Jesus’ Eucharistic Humility Part II

There is no quicker way to becoming a saint and to advancing in humility than by frequently kneeling at the feet of our Eucharistic Master, Teacher, and Lover. St. Peter Julian Eymard and his friend St. John Vianney are proof that the Eucharist was the food of the saints, the medicine of immortality, and the source of all virtue. This article dives deeper into why Jesus humbles Himself so profoundly in the Eucharist as related by St. Peter Julian Eymard:

Why is He so humiliated? In order to show us that He loves us, to glorify His Father, and to atone for human pride. Well then, you must also glorify God by your humility, love our Lord to the point of annihilating yourselves and abase yourselves to make up for the many souls who do not want to humble themselves. Our Lord bears in Himself the pain of their pride.1

The Heavenly Father tells us: “I have given you my Son in this condition of eucharistic abasement in order to show you how much He loves you and has humiliated Himself for you. Return to Him what He has done for you: humiliate yourself. Espouse His humility which He would not repudiate, even in His state of glory!” Beseech our Lord earnestly for the spirit of His eucharistic humility.2

Veiled from sight, Jesus Christ labors at the work of my sanctification. To become a saint, I must conquer pride and supplant it by humility. Now, in the Eucharist, Jesus gives me the example and the grace of humility.

He it was who, ages agone, pronounced these words, “Learn of Me that I am meek and humble of heart.” For nineteen centuries humility would have been but a name if we not had the remembrance of Our Saviour’s example during His mortal life. We could have said with truth: But, Lord, I never saw Thee humbled!

Ah, well, Jesus Christ is there to respond to our excuses and complaints. It is from the tabernacle, from beneath the veil of the Host that escapes the word, “Learn of Me that I am meek and humble of heart.” Learn of Me to hide your good works, your virtues, your sacrifices. Descend! Come down to me!

And the grace of humility is found in the humiliated state of Jesus in the Most Blessed Sacrament. What human glory will fear to abase itself since the King of Glory descended to such a state?3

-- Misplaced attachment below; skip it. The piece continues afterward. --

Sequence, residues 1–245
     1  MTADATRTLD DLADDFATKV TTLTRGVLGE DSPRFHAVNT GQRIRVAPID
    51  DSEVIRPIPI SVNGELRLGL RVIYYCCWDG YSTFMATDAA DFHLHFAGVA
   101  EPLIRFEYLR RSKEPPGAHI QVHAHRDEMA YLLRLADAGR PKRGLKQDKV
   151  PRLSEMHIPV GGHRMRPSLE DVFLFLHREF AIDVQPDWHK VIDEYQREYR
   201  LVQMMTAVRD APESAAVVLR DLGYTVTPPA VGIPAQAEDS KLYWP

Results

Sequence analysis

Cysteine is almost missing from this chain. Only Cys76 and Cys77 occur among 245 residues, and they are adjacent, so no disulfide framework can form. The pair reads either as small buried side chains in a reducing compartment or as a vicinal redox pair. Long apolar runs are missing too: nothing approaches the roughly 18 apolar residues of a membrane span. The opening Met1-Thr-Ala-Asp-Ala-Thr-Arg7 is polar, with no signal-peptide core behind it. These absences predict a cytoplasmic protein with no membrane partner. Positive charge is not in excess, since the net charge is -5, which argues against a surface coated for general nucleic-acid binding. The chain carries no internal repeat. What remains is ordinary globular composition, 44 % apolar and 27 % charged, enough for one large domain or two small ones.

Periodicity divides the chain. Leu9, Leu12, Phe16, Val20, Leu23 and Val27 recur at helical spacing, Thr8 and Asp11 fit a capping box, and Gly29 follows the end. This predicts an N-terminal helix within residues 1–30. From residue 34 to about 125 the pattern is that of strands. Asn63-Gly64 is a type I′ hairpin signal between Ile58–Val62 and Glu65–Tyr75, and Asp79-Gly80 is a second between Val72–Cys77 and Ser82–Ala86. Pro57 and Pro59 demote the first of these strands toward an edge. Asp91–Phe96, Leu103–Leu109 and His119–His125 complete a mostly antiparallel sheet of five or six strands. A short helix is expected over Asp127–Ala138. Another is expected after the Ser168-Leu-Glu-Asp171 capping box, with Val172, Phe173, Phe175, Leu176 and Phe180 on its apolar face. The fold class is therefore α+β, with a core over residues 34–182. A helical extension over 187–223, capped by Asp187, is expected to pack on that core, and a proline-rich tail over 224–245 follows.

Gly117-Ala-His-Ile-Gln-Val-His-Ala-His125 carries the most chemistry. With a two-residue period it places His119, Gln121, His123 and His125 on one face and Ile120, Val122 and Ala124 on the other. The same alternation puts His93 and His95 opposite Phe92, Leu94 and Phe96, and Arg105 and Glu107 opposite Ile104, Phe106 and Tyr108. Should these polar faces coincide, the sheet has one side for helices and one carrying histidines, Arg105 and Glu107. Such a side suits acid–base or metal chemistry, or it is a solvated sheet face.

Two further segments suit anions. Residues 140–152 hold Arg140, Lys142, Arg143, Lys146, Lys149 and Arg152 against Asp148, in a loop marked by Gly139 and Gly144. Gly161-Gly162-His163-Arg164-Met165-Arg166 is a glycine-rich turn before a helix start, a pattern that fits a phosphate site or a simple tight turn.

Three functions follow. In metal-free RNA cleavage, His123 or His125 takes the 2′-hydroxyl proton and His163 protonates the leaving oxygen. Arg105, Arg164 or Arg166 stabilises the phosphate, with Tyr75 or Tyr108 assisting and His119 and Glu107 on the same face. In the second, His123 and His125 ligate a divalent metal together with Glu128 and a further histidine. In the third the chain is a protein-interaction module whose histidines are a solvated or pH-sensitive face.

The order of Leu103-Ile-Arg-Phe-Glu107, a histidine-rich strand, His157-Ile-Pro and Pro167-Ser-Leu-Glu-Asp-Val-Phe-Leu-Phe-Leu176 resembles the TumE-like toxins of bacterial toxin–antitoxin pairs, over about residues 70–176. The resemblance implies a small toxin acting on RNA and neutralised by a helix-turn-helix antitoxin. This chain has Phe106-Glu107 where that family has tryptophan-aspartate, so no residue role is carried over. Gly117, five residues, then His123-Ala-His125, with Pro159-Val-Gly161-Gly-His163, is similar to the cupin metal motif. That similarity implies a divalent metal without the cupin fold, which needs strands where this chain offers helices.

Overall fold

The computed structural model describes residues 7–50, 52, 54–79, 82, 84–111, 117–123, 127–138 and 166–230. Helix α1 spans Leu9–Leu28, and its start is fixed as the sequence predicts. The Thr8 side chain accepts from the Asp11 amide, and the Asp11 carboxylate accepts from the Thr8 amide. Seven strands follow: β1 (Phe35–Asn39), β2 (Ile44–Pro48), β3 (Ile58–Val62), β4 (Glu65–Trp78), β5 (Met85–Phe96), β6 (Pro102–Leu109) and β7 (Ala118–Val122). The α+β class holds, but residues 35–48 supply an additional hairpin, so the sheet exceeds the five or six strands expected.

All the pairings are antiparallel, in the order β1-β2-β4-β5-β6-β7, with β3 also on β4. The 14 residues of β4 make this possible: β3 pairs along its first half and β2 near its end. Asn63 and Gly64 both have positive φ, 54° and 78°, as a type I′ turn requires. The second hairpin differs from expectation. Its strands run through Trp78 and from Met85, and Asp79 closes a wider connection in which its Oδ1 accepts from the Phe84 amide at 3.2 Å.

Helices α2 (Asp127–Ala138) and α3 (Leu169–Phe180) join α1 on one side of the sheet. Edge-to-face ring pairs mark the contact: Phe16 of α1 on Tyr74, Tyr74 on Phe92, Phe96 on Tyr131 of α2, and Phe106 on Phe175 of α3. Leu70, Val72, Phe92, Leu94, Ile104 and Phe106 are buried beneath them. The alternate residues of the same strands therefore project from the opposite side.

Jesus humiliates Himself in the Holy Eucharist for us. And what does Jesus ask of us in return? He wants us to humiliate ourselves. For many, this might sound depressing, but not for those seeking to become saints. More than anything, humility endears us to Our Lord. Jesus looks into the depths of our hearts for any trace of humility, for “God opposes the proud, but gives grace to the humble” (Jas 4:6). Instead of proclaiming our good works, virtues, and sacrifices to the world, Jesus invites us to hide these things in His Eucharistic Heart as He tells us, “Descend! Come down to me!” Only our miseries and humiliations draw the Lord to us, not our talents and great deeds.

The Sacrament of Reconciliation is sometimes referred to as the sacrament of humility for it takes great humility to confess one’s sins to God through the instrumentality of His priests, but is not the Holy Eucharist also the sacrament of humility? For in the Most Blessed Sacrament, Jesus humbles Himself to share in our humanity, so that we can share in His divinity. At every Mass, we reecho the Roman centurion’s words in the Gospel, who declared, “Lord, I am not worthy that you should enter my roof; but only the say the word, and my servant shall be healed” (Mt 8:8) or Domine, non sum dignus. The centurion’s words are one of the most beautiful acts of humility ever recorded in Scripture, which often pass through our lips with little reflection. Should not the Eucharist stir in us the same sentiments of humility and fear of the Lord?

After Jesus rebuked the storms on the sea, His apostles exclaimed, “What sort of man is this, that even winds and sea obey him?” (Mt 8:27). Each time we gaze upon the Sacred Host, we ought to say, “What sort of God is this, who willingly annihilates and humiliates Himself daily before our eyes in this most august sacrament.” The mere sight of Jesus’ Eucharistic humility ought to eradicate any pride in our hearts. How amazing then is God’s infinite and self-effacing love to take on the appearance of bread and wine, so that we too can imitate His humility and so glorify the Father.

Photo by Diocese of Spokane on Unsplash

1St. Peter Julian Eymard, The Eucharist and Christian Perfection (Part I), trans. by Amy Allen (New York, The Sentinel Press, 1948), 279.

2St. Peter Julian Eymard, The Eucharist and Christian Perfection (Part I), trans. by Amy Allen (New York, The Sentinel Press, 1948), 279-280. 

3St. Peter Julian Eymard, The Real Presence (New York: Fathers of the Blessed Sacrament, 1907), 119-120.

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Patrick O'Hearn is a husband and father. He has authored seven books including the Parents of the Saints, The Shepherd at the Crib and the Cross, Courtship of the Saints, The Grief of Dads, Go and Fear Nothing, Our Lady of Sorrows, and Nursery of Heaven (available this August from Sophia Institute Press). He was a contributor to Fr. Don Calloway’s latest book, 30 Day Eucharistic Revival. His subjects of interest include the lives of the saints and the interior life. He holds a Master's in Education from Franciscan University. You can visit his website at

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